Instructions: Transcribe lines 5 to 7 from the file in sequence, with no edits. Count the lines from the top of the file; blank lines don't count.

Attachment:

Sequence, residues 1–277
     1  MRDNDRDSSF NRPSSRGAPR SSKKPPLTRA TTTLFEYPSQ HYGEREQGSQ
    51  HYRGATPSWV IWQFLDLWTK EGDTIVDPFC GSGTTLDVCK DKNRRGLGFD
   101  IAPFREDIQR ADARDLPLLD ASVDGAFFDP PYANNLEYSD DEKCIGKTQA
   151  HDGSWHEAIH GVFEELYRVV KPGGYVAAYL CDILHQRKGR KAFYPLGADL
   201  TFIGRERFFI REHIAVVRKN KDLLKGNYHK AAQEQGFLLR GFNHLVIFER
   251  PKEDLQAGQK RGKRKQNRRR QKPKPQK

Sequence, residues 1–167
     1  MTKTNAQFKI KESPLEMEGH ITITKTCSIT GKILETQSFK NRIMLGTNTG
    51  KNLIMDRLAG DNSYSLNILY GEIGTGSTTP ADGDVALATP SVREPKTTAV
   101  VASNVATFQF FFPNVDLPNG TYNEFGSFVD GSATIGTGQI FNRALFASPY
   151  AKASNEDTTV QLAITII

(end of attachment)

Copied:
   151  HDGSWHEAIH GVFEELYRVV KPGGYVAAYL CDILHQRKGR KAFYPLGADL
   201  TFIGRERFFI REHIAVVRKN KDLLKGNYHK AAQEQGFLLR GFNHLVIFER
   251  PKEDLQAGQK RGKRKQNRRR QKPKPQK